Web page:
The EU has expanded once again. After the 2004 enlargement, which added 75 million new citizens to the EU, Romania and Bulgaria are now adding 30 million more. What does this mean for the German labour market?
German Foreign Minister Frank-Walter Steinmeier voiced the opinion in a speech in the Munich Residenz that EU eastward enlargement will lead to net job creation in Germany. To be sure, some jobs will be lost as plumbers migrate to Germany or as companies relocate in Eastern Europe, but this will be offset by the expansion of German exports, which will create many more jobs. This argument is familiar. But is it correct?
The enlargement will certainly confront Germany with extremely low wage competition. Whereas a manufacturing worker in western Germany earns €27.90 an hour and a worker in eastern Germany averages €18.60 an hour, in Romania a worker is only paid €2.30 and in Bulgaria a mere €1.60.
If Steinmeier is correct, the Eastern European low-wage earners would complement German workers, and their presence would increase the demand for German workers. Indeed, this is partly the case. German engineers are needed to design sensible products to be manufactured by Eastern European workers, and those with managerial qualities can be sure that their abilities will be needed to integrate the Eastern European workers into the market economy. But for the great majority of those who only have their normal labour to offer, Eastern European workers are substitutes and not complements. They are confronted by low-wage competition from people that have similar skills and ambitions, and they are consequently the losers of enlargement. According to a study by the Berlin economists Geishecker and Görg, the group of losers in Germany extends from low-skilled up to skilled workers.
This has implications for the labour market. For the highly qualified in the German workforce, eastern enlargement will lead to an increase in labour demand but to a decrease for all the others. Since unemployment is low among the more highly qualified, the increased demand for their services will lead to an increase in wages rather than an increase in employment. In the case of the lesser qualified, whose services are now less in demand, a decrease in employment will result because their wages cannot fall. The scope for downward wage adjustements is limited by collective wage agreements and by the minimum-wage levels that the welfare state sets with its wage replacement benefits. The asymmetry in wage inflexibility combined with the substitutional labour performed by the great majority of German workers and their Eastern European counterparts leads to the inevitable conclusion that eastern enlargement will lead to a net loss of jobs in Germany, at least if the German labour market remains as inflexible as it now is.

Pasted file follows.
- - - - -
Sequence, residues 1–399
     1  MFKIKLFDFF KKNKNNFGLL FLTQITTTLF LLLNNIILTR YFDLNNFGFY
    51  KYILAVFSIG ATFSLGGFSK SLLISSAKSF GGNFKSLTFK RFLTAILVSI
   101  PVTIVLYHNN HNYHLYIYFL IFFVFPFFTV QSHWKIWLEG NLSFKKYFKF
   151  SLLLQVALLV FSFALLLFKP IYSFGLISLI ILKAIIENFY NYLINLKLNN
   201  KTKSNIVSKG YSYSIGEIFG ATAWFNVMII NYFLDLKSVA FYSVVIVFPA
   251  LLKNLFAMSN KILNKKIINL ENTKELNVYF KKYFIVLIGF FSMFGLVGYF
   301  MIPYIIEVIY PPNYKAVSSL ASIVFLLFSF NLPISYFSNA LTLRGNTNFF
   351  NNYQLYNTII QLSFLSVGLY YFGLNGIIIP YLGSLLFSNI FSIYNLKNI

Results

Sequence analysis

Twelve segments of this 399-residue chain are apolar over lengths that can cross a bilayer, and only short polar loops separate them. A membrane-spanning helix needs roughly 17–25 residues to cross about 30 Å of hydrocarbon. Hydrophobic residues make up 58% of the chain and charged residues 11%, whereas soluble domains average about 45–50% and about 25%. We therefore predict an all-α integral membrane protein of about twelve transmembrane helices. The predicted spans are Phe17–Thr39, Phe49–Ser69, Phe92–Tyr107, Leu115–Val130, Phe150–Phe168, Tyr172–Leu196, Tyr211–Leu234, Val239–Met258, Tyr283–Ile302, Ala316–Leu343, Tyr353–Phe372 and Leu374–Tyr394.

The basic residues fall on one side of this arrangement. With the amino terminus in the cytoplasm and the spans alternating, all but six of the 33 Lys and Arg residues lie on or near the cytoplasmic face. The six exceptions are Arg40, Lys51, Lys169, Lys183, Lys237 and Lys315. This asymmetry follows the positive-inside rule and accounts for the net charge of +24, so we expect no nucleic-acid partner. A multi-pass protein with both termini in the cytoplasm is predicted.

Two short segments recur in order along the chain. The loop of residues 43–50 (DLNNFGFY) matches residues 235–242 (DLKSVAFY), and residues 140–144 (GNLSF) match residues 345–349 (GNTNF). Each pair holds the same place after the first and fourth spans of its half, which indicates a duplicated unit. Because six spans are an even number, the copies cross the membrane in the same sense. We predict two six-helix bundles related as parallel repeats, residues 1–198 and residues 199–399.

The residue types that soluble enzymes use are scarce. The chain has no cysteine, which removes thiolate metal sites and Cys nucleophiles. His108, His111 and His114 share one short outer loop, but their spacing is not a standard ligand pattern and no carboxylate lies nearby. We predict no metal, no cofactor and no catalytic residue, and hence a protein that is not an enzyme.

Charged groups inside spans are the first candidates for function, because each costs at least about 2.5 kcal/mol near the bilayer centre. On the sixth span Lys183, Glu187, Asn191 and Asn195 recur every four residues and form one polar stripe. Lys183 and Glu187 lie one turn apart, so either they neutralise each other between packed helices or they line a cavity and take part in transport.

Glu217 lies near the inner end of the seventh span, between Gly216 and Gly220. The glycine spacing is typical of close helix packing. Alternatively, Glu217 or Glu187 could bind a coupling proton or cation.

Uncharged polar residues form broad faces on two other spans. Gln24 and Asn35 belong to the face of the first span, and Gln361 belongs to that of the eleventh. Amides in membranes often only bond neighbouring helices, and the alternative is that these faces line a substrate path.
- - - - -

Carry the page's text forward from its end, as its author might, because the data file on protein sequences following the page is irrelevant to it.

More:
Steinmeier’s conclusions were certainly not based on complements and substitutes but on the assumptions made by observing exports, direct investments and migration. But in so doing he overlooks the two main reasons why most jobs are disappearing.
The first of these reasons is the structural change of the German economy. To be sure, eastern enlargement is leading to an increase in exports because more markets have been opened in which German firms can sell their products. However, if exports increase, the factors of production, namely capital, qualified workers and unskilled workers, must be diverted from other sectors of the economy, and this leads, on balance, to unemployment. Since the export goods are considerably more capital and knowledge intensive in their production than other goods, the structural change reduces the demand for unskilled labour. The capital and talents that move away from labour intensive to capital intensive sectors, cannot pull all unskilled workers with them whom they formerly employed, and they even prefer it that way since sectoral change is a way to defend themselves against the low-wage competition. The shrinking sectors include the labour-intensive preliminary stages of industrial production, the jobs of which have been unspectacularly outsourced to other countries, a phenomenon that is not apparent to customers nor registered in the statistics on foreign direct investment.
The second reason is capital exports. Steinmeier concedes that jobs can be lost via foreign direct investments. But much more important are the financial investments, that is the loans by which foreign firms are enabled to create jobs on their own. In 2006 Germany had a net capital export of €108 billion, whereas net domestic investment of all sectors together was only €75 billion. Of this net capital export, only €25 billion was for direct investments. Part of this capital export flowed to the new EU members in Eastern Europe, which had, relative to their size, gigantic capital imports.
No, taking all these factors into consideration, the remarks of the foreign minister are no more than empty rhetoric. Since German re-unification we have had more than enough of this rhetoric.
Professor of Economics and Finance, University of Munich
President of the Ifo Institute
Revised version. Published as “Sonntagsreden”, Wirtschaftswoche, no. 4, January 22, 2007, p. 138; additionally printed in a similar form in Les Echos (Mali), The Shanghai Daily (China), The Japan Times (Japan), The Korea Herald (South Korea), Taipei Times (Taiwan), Die Presse (Austria), L’Echo (Belgium), De Tijd (Belgium). Aripaev (Estonia), Molodez Estonii (Estonia), Express (Greece), Diena (Latvia), Logos Press (Moldova), Danas (Serbia), The Scotsman (United Kingdom), Al-Sabah Al-Jadeed (Iraq), Jordan Times (Jordan), Al Ghad (Jordan), Al Raya (Qatar), Al Eqtisadiah (Saudi Arabia).